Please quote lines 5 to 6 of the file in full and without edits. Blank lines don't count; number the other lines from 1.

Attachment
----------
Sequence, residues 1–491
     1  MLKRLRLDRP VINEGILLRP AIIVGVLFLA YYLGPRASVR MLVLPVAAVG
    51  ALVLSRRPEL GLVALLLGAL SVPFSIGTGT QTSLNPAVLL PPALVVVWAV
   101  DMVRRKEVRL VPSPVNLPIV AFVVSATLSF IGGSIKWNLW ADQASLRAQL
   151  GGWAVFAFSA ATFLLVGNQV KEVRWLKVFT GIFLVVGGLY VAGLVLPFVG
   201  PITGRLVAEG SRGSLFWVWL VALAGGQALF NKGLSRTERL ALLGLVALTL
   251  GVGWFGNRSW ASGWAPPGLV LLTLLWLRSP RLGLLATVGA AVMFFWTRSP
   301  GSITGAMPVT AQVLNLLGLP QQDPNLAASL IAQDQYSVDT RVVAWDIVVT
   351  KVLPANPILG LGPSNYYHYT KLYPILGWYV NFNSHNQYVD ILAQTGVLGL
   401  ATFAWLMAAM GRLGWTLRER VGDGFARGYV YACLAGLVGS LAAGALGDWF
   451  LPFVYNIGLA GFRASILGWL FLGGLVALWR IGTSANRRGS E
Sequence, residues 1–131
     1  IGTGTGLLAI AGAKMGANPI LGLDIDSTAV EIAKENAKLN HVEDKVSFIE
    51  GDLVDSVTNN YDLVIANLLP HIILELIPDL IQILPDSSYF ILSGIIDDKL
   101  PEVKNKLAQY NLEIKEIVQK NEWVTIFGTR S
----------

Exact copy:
   151  GGWAVFAFSA ATFLLVGNQV KEVRWLKVFT GIFLVVGGLY VAGLVLPFVG
   201  PITGRLVAEG SRGSLFWVWL VALAGGQALF NKGLSRTERL ALLGLVALTL